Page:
Early Black Settlers of Olympia, Jamestown S’Klallam Heritage Honored By Board of Natural Resources
News Date: 
February 5, 2019

Howard Point in Thurston County, Littleneck Beach in Blyn bear new names befitting their histories after board approval Tuesday

The state Board of Natural Resources, acting as the Washington State Committee on Geographic Names, approved place names for a point in Olympia and a beach in Blyn during its meeting Tuesday morning
Howard Point along East Bay in Olympia is now officially named for Alexander and Rebecca Howard, who moved to the area in 1859 and operated a prominent hotel in Olympia. The Howards, one of the first black families to settle in the area, are buried in the Masonic Cemetery in Olympia. The name “Howard Point” had been used in maps of the area in the late 1800s and early 1900s.
Littleneck Beach, near Blyn in Clallam County, is now officially named for the clams harvested there, after a proposal from the Jamestown S’Klallam Tribe. The site was known as the “log yard” by local residents until the 1990s because a log rafting facility had been there. The Tribe began purchasing the land in the late 1990s and restored the area in 2004. The beach is one of the few native colonies of littleneck clams in Washington.
Both proposed name changes were passed through the seven-member State Committee on Geographic Names, which advises the board, in December.
Names approved by the committee are forwarded to the Board of Natural Resources (acting as the Washington State Board on Geographic Names) for final decision. Names approved by the Board are published in the Washington Administrative Code and forwarded to the United States Board on Geographic Names for federal consideration along with the state’s recommendations.
Web links
Summaries of both applications, including maps and comments submitted to the committee, are on the DNR website at dnr.wa.gov/about/boards-and-councils/board-natural-resources.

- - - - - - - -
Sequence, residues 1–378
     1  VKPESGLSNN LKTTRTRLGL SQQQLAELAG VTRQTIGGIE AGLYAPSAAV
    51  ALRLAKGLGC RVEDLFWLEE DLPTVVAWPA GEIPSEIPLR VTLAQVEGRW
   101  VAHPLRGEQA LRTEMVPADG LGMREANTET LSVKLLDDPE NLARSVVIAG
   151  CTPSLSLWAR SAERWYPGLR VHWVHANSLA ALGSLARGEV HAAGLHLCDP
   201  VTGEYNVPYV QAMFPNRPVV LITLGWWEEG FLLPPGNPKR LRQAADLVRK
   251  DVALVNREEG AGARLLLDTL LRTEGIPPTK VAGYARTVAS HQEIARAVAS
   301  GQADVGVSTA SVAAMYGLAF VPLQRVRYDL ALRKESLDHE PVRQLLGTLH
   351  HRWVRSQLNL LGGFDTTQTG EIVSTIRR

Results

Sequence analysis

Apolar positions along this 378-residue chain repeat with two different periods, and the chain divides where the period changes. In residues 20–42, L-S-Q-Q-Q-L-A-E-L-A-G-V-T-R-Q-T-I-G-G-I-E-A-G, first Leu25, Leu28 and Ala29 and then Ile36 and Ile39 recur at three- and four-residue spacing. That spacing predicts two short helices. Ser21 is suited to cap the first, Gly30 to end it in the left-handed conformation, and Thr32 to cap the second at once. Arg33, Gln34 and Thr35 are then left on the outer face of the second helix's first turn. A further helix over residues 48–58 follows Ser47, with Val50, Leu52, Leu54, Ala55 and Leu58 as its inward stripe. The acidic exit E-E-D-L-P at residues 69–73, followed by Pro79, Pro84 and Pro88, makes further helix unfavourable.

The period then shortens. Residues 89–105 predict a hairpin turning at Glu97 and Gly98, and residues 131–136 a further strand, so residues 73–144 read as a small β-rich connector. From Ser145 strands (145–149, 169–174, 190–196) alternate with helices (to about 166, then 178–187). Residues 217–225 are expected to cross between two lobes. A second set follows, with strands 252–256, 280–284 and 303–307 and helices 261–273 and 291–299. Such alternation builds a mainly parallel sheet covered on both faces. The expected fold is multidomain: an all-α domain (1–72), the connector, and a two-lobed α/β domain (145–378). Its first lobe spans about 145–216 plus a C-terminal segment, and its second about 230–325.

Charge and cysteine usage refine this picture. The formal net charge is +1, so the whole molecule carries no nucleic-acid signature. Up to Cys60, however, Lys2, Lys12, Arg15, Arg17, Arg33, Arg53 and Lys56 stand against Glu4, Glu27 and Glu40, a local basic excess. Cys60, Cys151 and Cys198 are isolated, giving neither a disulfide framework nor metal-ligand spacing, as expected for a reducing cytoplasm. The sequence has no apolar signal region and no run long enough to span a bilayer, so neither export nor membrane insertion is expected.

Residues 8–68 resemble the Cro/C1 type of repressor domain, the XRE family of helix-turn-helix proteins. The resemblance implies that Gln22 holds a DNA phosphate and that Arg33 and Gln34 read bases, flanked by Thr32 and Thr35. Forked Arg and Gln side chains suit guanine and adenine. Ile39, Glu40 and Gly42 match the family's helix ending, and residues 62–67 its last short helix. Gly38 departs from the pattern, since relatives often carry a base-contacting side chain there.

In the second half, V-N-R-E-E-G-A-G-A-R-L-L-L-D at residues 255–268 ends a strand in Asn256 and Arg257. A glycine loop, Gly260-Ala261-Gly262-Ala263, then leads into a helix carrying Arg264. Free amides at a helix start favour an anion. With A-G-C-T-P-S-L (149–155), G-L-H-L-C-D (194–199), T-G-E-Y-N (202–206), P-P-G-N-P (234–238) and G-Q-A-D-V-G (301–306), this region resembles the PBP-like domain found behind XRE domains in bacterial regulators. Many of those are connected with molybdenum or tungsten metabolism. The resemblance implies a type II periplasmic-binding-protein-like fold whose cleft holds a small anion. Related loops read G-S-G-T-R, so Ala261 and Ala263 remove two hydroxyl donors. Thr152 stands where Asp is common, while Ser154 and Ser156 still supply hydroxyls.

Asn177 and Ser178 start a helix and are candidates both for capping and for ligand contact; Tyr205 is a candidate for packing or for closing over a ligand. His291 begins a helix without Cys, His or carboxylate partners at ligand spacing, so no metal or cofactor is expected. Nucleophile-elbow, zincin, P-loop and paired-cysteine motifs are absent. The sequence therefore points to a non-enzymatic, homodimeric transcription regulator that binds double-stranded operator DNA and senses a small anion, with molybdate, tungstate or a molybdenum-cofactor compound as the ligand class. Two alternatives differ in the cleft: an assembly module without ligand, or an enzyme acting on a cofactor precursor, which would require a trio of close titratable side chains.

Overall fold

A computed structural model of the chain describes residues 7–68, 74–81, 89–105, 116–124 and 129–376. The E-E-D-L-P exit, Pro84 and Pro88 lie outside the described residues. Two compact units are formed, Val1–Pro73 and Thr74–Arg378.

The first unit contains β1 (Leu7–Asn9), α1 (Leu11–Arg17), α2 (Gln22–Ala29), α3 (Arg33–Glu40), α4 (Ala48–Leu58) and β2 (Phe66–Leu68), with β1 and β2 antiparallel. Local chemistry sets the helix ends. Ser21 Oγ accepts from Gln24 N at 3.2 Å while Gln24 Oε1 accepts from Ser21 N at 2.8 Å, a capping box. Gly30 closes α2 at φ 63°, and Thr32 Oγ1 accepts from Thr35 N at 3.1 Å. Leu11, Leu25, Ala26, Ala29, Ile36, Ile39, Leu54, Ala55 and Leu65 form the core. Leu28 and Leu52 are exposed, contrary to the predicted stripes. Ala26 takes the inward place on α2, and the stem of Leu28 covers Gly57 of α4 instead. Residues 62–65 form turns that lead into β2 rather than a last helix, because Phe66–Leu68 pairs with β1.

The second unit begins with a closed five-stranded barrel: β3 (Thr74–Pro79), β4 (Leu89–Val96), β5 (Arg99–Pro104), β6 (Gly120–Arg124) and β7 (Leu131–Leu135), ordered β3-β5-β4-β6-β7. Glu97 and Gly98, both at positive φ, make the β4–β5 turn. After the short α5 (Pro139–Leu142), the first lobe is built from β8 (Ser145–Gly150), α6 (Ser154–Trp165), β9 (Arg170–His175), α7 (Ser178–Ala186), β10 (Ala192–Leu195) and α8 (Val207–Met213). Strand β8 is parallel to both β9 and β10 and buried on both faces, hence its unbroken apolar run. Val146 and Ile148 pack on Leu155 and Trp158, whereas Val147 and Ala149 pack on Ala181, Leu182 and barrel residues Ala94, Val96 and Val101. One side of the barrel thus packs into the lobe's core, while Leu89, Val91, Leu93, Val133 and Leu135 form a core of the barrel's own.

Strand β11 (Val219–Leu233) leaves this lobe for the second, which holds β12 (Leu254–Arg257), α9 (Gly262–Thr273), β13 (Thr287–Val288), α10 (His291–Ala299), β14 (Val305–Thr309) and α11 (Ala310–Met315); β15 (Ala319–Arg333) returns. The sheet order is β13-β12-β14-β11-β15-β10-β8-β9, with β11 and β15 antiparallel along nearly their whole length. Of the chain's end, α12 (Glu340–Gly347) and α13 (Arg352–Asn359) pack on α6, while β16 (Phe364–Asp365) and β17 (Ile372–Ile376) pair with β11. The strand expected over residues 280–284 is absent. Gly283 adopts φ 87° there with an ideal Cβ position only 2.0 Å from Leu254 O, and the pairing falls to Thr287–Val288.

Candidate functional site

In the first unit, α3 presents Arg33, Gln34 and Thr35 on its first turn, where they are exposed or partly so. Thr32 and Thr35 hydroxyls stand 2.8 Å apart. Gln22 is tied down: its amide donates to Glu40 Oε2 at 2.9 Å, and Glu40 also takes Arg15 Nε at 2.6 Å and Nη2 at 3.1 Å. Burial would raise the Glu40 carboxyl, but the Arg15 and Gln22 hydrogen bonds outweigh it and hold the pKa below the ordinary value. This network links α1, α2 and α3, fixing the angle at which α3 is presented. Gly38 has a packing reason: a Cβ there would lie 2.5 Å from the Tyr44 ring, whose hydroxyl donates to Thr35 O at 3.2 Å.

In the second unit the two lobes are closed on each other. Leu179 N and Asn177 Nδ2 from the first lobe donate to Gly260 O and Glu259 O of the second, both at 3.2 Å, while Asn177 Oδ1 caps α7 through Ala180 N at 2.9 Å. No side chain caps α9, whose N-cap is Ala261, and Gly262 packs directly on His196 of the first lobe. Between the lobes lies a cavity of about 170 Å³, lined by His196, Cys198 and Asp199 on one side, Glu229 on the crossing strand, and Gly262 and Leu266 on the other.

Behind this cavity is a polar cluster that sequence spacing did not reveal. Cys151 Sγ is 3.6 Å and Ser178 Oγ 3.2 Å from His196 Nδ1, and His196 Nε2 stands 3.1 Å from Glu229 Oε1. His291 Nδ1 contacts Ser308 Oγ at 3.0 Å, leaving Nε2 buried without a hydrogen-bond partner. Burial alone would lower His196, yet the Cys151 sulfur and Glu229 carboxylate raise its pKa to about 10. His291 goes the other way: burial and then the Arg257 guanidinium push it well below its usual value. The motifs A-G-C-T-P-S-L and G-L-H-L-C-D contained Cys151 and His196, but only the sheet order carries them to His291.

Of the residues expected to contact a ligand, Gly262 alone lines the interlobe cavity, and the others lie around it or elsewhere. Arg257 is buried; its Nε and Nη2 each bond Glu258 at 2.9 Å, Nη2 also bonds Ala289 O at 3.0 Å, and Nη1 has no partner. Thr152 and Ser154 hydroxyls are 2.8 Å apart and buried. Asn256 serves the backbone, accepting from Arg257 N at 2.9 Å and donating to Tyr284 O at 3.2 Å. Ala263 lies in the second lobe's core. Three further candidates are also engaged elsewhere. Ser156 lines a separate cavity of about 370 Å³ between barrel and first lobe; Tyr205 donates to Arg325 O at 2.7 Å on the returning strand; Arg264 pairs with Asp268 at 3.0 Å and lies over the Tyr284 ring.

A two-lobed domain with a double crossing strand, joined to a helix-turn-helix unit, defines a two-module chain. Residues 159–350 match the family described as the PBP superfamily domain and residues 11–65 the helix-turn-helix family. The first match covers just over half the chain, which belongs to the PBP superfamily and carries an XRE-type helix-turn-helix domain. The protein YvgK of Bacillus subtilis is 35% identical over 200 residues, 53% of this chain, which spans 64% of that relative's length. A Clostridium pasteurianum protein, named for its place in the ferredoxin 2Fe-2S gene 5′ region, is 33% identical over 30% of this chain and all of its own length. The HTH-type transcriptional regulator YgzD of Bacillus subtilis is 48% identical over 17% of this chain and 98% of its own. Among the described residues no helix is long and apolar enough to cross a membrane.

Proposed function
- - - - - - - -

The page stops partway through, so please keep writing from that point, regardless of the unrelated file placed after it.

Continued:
Washington State Committee on Geographic Names
The seven-member committee of volunteers advises the State Board on Geographic Names, which is authorized by state law to establish the official names for the lakes, mountains, streams, places, towns, and other geographic features. The committee, which meets at least twice a year, is chaired by a representative of Commissioner of Public Lands Hilary Franz. The committee includes representatives of Washington State tribes, the State Librarian, and the director of the Department of Archaeology and Historic Preservation, and three members from the public appointed by Franz.
About DNR
Administered by Commissioner of Public Lands Hilary Franz, DNR manages more than 5.6 million acres of state-owned forest, range, commercial, agricultural, conservation, and aquatic lands. Of these, more than half are held in trust to produce income to support public schools and other essential services. State trust lands managed by DNR provide other public benefits, including outdoor recreation, habitat for native fish and wildlife, and watersheds for clean water.
Kenny Ocker
Communications Manager
Department of Natural Resources